Vintage to Vintage is a 3½-minute read.
First, let’s make it clear what vintage is. It is the year that the grapes were grown and crushed to make wine. If there is not a vintage date on your bottle, that means that the winemaker blended grape juice from multiple years together to make that bottling of wine. This is common practice with Champagne to create a consistent flavor profile from year to year. These wines are called Non-Vintage. This practice is less common with still wine unless you drink some of the low-end, industrially made mass-produced wines.
For most folks, the vintage date probably does not matter. You buy wine to drink relatively soon and you either like a wine, or you don’t, and you explore no further. But every once in a blue moon, you may buy your favorite bottle of small-batch wine, and when you taste it, you think, “Ugh! What happened? This does not taste like (insert favorite wine here)! But for the wine enthusiast, this is exciting. This is an opportunity. This is fun!!
There can be several more obvious reasons for a change so let’s rule them out.
- First, let’s assume the wine is “not spoiled or gone bad.”
- We will also assume that there is not a new winemaker.
- Nor is there is a significant alteration to said winemaker’s winemaking process.
- Lastly, the fruit used in the wine has not been sourced from a different vineyard. It still comes from the same vineyards as before and, if irrigated, received a similar amount of water year over year.
So what else changed? The Weather!
And by the weather, we include – temperature, humidity, atmospheric pressure, precipitation, wind, cloud formation, and sunlight. Of course, the weather is different every year to some degree. But if there is a significant change (i.e., a freeze or a lack of or too much rain at a critical time in the growing season, it can alter the resulting wine.
Vintage Side Note
Of course, the longer a wine spends in a bottle, the more it will also change, or “age.” For this post, I am only looking at vintage variation related to the terrior (terr-WAH)*.
Vintage to Vintage – A Case in Point Acquiesce Wines 2019 versus 2020
We are big fans of Acquiesce wines. They are all deliciously straightforward expressions of the variety. We have consumed the fall-released 2018 vintage wines and all of the 2019 vintage wines. Picpoul Blanc, Grenache Blanc, and Grenache Rosé are what we mostly drink. So when the 2020 vintage arrived, I also ensured that we also had some of the 2019 vintages to compare the two. Although I have to admit, I did not expect the difference to be so pleasantly significant.
If I were to describe the 2019 vintage as a whole, the overall words I would use are lean or austere. Which to me means lightly flavored and light-bodied. Some wines can be too lean or austere, but that is not the case for me in this situation. Like I have said, I love the 2019 vintage.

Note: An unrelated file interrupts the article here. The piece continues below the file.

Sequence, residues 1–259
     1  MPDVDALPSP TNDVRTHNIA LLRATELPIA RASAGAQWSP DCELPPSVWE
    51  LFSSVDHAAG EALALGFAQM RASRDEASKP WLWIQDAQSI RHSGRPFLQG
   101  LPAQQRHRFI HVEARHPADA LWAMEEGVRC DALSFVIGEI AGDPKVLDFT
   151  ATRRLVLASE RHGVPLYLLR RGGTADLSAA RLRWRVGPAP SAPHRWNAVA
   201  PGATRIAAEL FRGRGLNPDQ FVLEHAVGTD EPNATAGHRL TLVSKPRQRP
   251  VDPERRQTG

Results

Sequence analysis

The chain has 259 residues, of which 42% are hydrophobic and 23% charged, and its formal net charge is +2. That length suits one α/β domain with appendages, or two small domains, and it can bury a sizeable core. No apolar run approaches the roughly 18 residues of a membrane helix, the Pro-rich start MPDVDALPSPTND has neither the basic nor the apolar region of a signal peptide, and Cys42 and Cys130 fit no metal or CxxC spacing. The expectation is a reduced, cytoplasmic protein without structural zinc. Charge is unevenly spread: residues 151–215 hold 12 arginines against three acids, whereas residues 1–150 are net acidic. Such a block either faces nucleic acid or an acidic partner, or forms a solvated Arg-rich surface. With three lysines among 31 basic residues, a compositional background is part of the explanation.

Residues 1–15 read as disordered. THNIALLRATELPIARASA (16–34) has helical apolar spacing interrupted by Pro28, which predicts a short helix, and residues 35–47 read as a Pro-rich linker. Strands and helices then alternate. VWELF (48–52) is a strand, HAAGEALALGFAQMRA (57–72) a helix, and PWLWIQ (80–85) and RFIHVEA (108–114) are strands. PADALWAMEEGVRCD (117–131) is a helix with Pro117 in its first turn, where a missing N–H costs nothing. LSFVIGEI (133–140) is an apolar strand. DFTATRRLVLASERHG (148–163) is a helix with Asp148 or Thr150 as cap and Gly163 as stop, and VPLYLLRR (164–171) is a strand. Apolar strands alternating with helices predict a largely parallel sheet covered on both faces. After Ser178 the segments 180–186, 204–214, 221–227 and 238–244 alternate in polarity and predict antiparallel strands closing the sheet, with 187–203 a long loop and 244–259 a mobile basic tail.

Describing the 2020 vintage while varietally accurate is the complete opposite. Lush mouthfeel, medium-bodied, and a more bountiful flavor profile. The acidity profile from all varieties in both vintages is very similar to the other( 2019 versus 2020).
When visiting the Acquiesce Winery last May…
… a member of my posse posed this question.
“… the 2020 vintage wines that we are tasting today are rounder, fuller, and have more fruit on them. This difference between the 2019 vintage and the 2020 vintage is staggering. Both are delicious, but 2020 seems ‘more complete.’ Did you change your processes? Or, more to the point, what caused this difference?
And Sue’s response is EVER-Y-THING! And it’s one of the many things that makes me love learning about wine and winemaking.
“…the only different variable is the weather. We had no rain in February 2020, which is a critical time for grapevines to prepare for the spring bud break. As a result, California had a 25% reduction in crop load last year. Additionally, berry size was also much smaller, right. So with this smaller berry, we are getting more concentration in the juice. Greater concentration resulted in more robust flavors and texture. So in this situation, the greater concentration seems to be a good thing.”
“The true test will be six months from now because historically, it takes about that amount of time for the bottled wine to come into its own. So that is when the wine will fully show itself.”
This is just one example of the impact of the change from one vintage to another.
Given the differences between these two vintages, if you would like to do a comparison yourself, this is a great opportunity to do so. Head to the Acquiesce Vineyards website and purchase both 2019 and 2020 vintages of the Picpoul Blanc and/or the Grenache Blanc.
I hope that you found this as interesting as we have. Wine is so much fun!
That is all for now.
Rick & Gary
* Definition of terrior is included on the glossary page of this site.